Its been awhile, eh? Sitting down to this entry, I realize that I've been here in Itagua for roughly three weeks already, and most of you haven't heard so much as a peep from me. As a result, I went out this morning to shoot photos that I will be uploading in the following days. The first few members of a volunteer group from North Carolina arrived today along with a couple from another town an hour or so away that are good friends with Shaun and Sara. Their arrival culminated a multi-week push to renovate a building here for use as volunteer housing, and eventually the meeting place for the church here. I've been busy with other projects you will learn about in the near future, but was able to help some with patching the roof, tearing out and re-making a wall in the bathroom, and of course the final furnishing and cleaning efforts of the past few days. It's been an amazing transformation. More detailed pictures and explanations will follow (probably tomorrow) but for today, I wanted to catch you up with the details of the blog that was lost. Apologies, this isn't nearly as creative as the one that was lost... but... asi es la vida.
A few weekends ago, I had the joy of going to the national 'Expo.' Basically it's like an enormous county fair, with rides, games, and funnel cakes, but there are also enormous animal barns, competitions, and booths for any business that wants to set up. There's everything from cultural demonstrations to motocross. It's big... a sea of people. Anywho... I went with a British magician to find information on beekeeping and generally explore the agricultural end of things for ideas that could be used at the home in Itagua. One of our stops was a building dedicated to 'cunicultura' in which you could buy rabbits, gawk at 6 kilogram breeding stock, and even eat empanadas (like a hot pocket) made out of their kin. I did all three.
Seriously though... I bought a box of rabbits... 3 females and a male for $5 each. As spontaneous as that sounds... it really wasn't. We had been brainstorming ways to provide new protein sources on site for the kids through projects that they can eventually take leadership in. I have very fond memories of Dad's experiments with pastured rabbit when I was younger, and of all the options that I have considered, this one seemed the most promising. Rabbits reproduce quickly, are voracious herbivores, and are easily cared for by someone less than 100 lbs (as opposed to cows, pigs, goats, etc.) The meat is fantastic and healthy... and one of the house parents here has previous experience with them, and is therefore a resource both before and after I leave.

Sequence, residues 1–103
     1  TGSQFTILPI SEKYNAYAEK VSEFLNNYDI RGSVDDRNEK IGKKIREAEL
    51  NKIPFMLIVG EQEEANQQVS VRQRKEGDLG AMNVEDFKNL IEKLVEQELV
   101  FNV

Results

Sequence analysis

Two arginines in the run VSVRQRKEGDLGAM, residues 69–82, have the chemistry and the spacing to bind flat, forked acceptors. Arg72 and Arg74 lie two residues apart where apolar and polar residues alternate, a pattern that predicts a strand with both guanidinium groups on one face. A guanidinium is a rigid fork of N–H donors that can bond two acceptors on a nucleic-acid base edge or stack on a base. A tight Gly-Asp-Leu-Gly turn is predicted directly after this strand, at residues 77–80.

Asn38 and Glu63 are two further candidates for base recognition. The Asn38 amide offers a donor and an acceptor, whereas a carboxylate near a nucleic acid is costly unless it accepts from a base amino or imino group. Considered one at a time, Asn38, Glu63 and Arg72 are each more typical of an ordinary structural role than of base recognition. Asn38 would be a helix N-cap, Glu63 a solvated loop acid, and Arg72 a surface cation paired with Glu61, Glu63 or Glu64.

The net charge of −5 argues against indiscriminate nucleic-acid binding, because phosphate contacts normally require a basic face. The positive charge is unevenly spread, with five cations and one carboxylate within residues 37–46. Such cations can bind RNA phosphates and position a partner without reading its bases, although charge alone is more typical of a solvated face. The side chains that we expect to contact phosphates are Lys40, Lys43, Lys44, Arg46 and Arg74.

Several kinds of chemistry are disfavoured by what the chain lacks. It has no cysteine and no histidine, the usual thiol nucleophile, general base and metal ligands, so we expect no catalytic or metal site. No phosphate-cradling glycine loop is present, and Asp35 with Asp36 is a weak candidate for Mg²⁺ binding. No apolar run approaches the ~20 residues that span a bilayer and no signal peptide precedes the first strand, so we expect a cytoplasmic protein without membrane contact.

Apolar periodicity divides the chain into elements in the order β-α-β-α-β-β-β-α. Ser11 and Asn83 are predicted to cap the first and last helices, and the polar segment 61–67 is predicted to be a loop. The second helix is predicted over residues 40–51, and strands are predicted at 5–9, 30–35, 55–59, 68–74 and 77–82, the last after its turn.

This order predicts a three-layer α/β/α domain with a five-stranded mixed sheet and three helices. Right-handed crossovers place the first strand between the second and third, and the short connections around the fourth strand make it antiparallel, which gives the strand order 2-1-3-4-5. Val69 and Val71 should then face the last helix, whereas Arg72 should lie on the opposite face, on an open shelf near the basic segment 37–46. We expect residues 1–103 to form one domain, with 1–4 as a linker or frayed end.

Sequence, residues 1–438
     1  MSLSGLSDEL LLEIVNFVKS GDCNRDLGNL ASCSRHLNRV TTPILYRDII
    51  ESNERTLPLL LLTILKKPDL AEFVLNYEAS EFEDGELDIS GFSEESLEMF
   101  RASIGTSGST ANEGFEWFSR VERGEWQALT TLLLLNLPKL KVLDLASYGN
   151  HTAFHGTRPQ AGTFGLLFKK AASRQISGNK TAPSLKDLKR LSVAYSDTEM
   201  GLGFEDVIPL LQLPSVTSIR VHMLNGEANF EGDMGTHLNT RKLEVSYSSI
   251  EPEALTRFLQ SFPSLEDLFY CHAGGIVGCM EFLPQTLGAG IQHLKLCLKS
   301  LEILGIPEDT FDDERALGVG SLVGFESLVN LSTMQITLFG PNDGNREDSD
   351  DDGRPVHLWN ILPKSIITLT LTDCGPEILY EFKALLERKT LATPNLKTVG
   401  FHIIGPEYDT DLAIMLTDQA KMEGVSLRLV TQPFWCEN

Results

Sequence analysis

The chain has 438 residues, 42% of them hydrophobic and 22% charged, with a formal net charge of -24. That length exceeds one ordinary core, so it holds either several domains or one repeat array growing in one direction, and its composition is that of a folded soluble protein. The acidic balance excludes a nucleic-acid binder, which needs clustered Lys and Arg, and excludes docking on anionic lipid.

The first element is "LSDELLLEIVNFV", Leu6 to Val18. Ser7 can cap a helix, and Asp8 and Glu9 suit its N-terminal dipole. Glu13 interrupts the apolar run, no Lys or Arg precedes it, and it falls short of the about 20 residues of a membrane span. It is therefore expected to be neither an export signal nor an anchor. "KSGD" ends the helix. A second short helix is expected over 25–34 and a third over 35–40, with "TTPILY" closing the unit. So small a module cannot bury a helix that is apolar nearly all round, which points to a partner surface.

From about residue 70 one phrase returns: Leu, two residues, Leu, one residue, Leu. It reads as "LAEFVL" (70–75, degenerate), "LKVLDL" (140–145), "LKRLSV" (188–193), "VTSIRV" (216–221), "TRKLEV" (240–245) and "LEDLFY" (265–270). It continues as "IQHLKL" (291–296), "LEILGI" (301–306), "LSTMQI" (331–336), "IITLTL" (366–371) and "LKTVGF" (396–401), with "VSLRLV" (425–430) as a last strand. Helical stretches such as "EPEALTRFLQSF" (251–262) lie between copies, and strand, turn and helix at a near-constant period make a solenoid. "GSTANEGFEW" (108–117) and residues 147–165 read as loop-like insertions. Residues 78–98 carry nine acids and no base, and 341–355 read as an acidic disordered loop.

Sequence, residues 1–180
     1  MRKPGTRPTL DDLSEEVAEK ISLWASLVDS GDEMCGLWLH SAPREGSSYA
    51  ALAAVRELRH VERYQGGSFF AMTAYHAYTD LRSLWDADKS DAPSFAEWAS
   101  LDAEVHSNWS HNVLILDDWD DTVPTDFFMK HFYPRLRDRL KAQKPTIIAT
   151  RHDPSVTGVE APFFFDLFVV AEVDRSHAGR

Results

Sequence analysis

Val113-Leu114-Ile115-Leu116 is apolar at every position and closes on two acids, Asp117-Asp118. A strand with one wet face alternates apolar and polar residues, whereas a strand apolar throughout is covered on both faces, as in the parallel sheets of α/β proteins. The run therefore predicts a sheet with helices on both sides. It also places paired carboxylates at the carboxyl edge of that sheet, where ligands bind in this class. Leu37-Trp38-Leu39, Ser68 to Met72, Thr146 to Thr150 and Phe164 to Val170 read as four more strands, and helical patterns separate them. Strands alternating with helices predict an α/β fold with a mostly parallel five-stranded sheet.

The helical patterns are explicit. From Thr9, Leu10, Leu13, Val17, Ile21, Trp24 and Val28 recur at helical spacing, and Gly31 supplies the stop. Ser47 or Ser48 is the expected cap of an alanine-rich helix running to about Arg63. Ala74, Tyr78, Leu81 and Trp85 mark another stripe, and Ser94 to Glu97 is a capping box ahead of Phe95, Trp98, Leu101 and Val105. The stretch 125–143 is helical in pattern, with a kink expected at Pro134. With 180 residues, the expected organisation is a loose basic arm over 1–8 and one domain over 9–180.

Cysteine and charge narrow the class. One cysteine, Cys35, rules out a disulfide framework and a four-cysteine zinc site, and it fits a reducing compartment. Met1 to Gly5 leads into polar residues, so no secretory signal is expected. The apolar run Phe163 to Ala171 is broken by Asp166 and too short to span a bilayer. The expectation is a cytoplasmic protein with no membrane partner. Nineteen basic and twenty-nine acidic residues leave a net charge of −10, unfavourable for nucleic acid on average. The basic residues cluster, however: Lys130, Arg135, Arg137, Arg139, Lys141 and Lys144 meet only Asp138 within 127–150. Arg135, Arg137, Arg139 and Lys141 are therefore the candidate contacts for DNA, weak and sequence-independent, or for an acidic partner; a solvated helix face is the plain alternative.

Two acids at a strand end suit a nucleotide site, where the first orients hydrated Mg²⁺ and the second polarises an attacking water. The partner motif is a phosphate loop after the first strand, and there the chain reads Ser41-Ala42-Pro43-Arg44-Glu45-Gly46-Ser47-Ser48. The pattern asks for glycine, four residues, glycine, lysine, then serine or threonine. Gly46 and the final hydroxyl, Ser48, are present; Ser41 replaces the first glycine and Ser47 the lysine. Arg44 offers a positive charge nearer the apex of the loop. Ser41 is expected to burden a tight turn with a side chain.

So anyway... the morning after the expo found me bouncing up the ruta between Asuncion and Itagua in a rickety 80's model Mercedes bus with a box of rabbits, watching Paraguay flash by my open window, and thinking what a wacky and whiz-o thing life can end up being if you pick up your feet for even a moment. Hysterical, I thought... riding a bus with a boxful of rabbits... hiking through a market in San Lorenzo to change busses and feeling the different buzz of this hive... hiking the 2.5 km between the Ruta in Itagua and the Home just out of town while motos and oxcarts bounced past on dusty stone streets... and I was happy.
But then, walking down the row of houses as curious kids came running to see what was inside the box... and watching them come alive over so small a thing as a boxful of rabbits... just torqued some little thing inside of me that I think every person needs adjusted now and then. It was beautiful in a way .... well... in a way I cannot possibly explain to you until you have surprised a child with a rabbit from a box.